The Second Coming (poem) | Criticism

This literature criticism consists of approximately 14 pages of analysis & critique of The Second Coming (poem).
This section contains 4,126 words
(approx. 14 pages at 300 words per page)
Buy the Critical Essay by Karen Marguerite Moloney

SOURCE: "Re-envisioning Yeats's 'The Second Coming': Desmond O'Grady and the Charles River," in Learning the Trade: Essays on W. B. Yeats and Contemporary Poetry, edited by Deborah Fleming, Locust Hill Press, 1993, pp. 135-47.

In the following essay, Moloney reads Desmond O'Grady's poem "Professor Kelleher and the Charles River" as a response to the ideas expressed in "The Second Coming."

In "Professor Kelleher and the Charles River" (Contemporary Irish Poetry 260-62), the narrator, Desmond O'Grady as a young Harvard graduate student, engages in conversation one April afternoon with John Kelleher, professor of Celtic Studies. Nearby runs the gentle but polluted Charles River, whose meandering course assumes, in these stanzas, apocalyptic dimensions: as O'Grady asserts in the poem's first line, the Charles "reaps here like a sickle." The image recalls both the sickle-shaped curve the river makes as it flows past the campus and the tendency of that curve to...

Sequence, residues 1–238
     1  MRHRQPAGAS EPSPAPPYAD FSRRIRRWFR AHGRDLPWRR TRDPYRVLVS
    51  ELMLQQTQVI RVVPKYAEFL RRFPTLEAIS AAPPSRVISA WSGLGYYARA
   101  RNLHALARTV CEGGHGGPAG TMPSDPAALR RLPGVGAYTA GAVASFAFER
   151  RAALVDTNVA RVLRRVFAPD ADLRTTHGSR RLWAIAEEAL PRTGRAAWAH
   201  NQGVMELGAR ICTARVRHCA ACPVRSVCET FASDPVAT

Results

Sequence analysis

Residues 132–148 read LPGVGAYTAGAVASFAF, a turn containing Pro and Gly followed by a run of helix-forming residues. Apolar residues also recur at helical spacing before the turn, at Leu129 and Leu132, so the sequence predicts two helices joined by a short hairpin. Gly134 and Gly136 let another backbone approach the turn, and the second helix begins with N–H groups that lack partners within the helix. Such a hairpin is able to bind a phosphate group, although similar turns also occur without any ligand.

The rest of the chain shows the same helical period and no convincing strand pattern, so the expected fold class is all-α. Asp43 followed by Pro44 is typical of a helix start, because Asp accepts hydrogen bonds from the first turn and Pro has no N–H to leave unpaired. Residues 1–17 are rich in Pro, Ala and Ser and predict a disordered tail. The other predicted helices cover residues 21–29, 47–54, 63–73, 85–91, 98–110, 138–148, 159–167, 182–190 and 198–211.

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This section contains 4,126 words
(approx. 14 pages at 300 words per page)
Buy the Critical Essay by Karen Marguerite Moloney
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Critical Essay by Karen Marguerite Moloney from Gale. ©2005-2006 Thomson Gale, a part of the Thomson Corporation. All rights reserved.
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